Light and Heat

For Christmas, a friend of ours gave us his 55-gallon fish tank and stand after I mentioned on Facebook that we were considering an aquarium for Henry. It was one of many delightful surprises on Christmas morning.

Before we can add fish, we need to make the environment right. Our city water needs to be dechlorinated. A filter has been installed, the rocks have been added, the artificial plants sway next to the rock castle and bridge and tiki hut fish home. All that’s left to do before we buy the fish is install a new lightbulb and make the water warmer. This afternoon at the top of my grocery list is a lightbulb and a submersible heater for our soon-to-be newest residents.

All I need too, really, is a little light and heat.

Warmth and light have defined the last week and a half around here. It’s the in-between period in which most everyone feels a little disoriented after so many weeks of anticipating Christmas and eating all the carbs. We celebrated with family in multiple gatherings with gifts given and received, and it was warm, and it was light. We extended our Christmas celebration with a trip to Kalahari’s indoor waterpark, and it was warm, and it was light. Our friends celebrated a white elephant Christmas with us combined with laughter and drinks on the 27th, and it was warm, and it was light. Yesterday, with our children’s friends over, I played games and read a book and mostly rested, and it was warm, and it was light.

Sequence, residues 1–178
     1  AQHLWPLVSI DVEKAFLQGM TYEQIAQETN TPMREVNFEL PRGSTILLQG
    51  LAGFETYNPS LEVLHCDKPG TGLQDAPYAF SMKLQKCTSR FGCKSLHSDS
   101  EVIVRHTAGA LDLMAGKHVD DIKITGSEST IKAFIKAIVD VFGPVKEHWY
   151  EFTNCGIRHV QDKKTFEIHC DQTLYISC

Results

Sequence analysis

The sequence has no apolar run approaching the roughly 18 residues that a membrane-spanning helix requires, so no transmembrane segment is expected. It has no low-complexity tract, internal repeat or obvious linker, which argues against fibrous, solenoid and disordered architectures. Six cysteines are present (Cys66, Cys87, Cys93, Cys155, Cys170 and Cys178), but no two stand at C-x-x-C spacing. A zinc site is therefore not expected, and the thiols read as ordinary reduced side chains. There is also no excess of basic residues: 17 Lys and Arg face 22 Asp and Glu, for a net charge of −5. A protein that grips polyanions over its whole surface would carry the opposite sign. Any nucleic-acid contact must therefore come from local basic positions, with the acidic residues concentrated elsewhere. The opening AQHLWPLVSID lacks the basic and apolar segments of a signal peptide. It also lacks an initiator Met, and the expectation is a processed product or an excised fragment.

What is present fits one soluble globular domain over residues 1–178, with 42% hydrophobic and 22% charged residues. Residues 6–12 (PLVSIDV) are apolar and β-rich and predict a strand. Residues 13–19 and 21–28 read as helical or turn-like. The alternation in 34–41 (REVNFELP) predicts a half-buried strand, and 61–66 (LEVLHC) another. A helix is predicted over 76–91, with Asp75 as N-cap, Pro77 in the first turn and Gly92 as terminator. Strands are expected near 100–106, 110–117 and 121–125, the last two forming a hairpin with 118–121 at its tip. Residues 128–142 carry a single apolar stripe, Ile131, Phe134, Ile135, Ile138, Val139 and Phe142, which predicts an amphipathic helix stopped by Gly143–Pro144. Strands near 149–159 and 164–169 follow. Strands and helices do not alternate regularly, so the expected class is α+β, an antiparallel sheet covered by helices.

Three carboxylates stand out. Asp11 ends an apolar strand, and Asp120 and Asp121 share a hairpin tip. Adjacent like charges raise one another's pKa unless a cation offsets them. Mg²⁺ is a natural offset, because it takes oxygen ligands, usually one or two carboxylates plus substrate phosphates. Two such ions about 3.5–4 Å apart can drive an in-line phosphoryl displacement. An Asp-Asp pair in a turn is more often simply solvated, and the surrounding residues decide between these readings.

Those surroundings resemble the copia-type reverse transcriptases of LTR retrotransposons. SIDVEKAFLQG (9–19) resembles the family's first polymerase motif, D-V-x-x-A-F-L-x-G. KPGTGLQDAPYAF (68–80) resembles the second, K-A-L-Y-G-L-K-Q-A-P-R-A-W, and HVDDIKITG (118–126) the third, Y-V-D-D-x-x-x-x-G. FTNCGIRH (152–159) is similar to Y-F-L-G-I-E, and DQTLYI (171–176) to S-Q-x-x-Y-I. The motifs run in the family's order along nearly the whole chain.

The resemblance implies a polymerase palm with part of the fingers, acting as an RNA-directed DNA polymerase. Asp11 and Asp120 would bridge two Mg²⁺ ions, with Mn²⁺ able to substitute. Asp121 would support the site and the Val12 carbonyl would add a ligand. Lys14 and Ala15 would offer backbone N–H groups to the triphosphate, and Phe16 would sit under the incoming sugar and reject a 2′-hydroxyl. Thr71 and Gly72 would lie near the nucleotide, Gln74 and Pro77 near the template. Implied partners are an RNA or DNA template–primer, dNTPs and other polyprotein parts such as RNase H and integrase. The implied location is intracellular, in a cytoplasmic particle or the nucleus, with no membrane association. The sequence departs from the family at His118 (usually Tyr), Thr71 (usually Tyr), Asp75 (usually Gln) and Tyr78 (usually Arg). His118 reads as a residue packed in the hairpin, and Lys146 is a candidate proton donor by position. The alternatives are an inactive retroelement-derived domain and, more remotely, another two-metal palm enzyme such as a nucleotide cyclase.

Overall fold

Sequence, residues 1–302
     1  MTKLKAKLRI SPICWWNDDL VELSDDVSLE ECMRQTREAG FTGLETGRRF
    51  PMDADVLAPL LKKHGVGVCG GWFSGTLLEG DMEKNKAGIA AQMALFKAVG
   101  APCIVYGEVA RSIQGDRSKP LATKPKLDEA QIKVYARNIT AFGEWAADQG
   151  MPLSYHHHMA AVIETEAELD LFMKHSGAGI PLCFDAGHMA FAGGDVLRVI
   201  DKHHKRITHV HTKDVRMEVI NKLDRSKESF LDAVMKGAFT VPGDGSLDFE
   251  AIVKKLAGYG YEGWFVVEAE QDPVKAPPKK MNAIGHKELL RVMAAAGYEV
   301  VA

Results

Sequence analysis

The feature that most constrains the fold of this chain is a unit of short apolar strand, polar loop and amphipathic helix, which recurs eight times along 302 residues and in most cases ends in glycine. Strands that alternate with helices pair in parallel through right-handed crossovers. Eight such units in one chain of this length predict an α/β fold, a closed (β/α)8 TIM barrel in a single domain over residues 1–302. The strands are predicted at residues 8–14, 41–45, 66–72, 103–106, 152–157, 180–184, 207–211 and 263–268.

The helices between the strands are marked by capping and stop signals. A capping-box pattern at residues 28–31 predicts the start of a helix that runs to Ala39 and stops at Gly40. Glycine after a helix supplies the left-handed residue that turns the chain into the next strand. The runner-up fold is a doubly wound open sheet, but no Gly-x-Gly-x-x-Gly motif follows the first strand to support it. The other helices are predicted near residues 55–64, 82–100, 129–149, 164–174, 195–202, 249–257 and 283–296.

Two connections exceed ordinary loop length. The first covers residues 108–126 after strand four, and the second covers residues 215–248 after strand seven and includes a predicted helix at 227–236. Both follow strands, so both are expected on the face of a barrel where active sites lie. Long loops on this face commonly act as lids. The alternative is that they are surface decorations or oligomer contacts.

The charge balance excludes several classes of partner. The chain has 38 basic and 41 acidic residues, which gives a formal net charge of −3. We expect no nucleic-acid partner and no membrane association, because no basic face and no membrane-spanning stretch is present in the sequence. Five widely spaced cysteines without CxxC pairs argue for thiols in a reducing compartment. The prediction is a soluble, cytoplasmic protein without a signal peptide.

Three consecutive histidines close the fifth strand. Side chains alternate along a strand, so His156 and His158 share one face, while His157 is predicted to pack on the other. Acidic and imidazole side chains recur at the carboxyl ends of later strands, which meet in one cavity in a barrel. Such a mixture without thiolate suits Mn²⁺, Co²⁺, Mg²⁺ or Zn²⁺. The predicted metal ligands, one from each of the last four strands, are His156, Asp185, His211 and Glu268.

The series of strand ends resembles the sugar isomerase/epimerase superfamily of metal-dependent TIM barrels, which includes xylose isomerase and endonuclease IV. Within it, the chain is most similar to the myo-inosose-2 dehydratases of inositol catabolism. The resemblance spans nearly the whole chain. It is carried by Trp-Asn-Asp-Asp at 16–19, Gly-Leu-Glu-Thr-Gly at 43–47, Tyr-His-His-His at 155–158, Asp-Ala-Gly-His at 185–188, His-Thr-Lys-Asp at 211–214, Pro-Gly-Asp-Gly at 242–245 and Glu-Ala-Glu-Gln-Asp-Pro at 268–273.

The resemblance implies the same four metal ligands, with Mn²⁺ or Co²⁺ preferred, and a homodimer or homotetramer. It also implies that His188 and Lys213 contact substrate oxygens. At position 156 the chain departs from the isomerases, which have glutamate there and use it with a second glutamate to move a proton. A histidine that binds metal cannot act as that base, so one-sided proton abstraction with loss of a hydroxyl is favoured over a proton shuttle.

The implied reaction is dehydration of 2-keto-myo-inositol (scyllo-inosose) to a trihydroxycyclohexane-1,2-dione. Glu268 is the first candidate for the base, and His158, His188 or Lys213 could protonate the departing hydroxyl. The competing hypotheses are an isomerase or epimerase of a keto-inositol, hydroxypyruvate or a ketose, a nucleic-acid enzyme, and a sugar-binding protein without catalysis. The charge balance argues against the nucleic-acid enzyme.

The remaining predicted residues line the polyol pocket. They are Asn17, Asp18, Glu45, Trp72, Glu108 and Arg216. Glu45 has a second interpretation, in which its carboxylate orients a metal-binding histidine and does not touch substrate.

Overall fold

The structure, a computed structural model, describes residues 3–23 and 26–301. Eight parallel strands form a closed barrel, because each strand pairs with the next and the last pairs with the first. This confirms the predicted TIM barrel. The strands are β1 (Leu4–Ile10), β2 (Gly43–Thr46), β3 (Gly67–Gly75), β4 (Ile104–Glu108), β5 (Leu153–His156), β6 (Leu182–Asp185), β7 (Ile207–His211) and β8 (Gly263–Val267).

And now, we’re all turning toward a new decade. In the waning minutes of 2019, I’ve sensed with some anxiety a quiet, nudging voice suggesting that maybe I should prepare myself to make space.

For what, I don’t know. Maybe just more space to be warm, more space to be light. More space to do laundry (which I’ve neglected these past few days). Maybe more space to write. Maybe space to breathe. Space to exercise. Space to stare at fish in a tank and reflect on what it means to stop being so busy and just be, just keep swimming (thank you, Dory).

Simultaneously I wonder whether the whole idea of space is a luxury of the privileged, which I am, surrounded by plenty and able to even consider the idea of space, instead of being entirely occupied with meeting my immediate, basic needs. Maybe those are the concerns I need to make more space for, more space for bearing witness beyond these walls.

Maybe “make space” is just the Spirit’s calling to be quieter amidst all the noise, to clear out the clutter of senseless worry. Maybe make space for more hope, less doubt, more confidence, less fear.

Well, anyway, the point is, I don’t know what I’m supposed to make space for, but these are the words I’m hearing these days, make space, make space, make space.

The only space I know to make right now is space to listen and wait on the Lord to make whatever that space is known.

And to make space for fish.

Photo by Gabriel P from Pexels

Published by Sarah M. Wells

Sarah M. Wells is the author of The Family Bible Devotional: Stories from the Gospels to Help Kids and Parents Love God and Love Others (2022), American Honey: A Field Guide to Resisting Temptation (2021), Between the Heron and the Moss (2020), The Family Bible Devotional: Stories from the Bible to Help Kids and Parents Engage and Love Scripture (2018), Pruning Burning Bushes (2012), and a chapbook of poems, Acquiesce, winner of the 2008 Starting Gate Award through Finishing Line Press (2009). Sarah's work has been honored with four Pushcart Prize nominations, and her essays have appeared in the notable essays list in the Best American Essays 2012, 2013, 2014, 2015, 2017, and 2018. Sarah is the recipient of a 2018 Individual Excellence Award from the Ohio Arts Council. She resides in Ashland, Ohio with her husband and three children.

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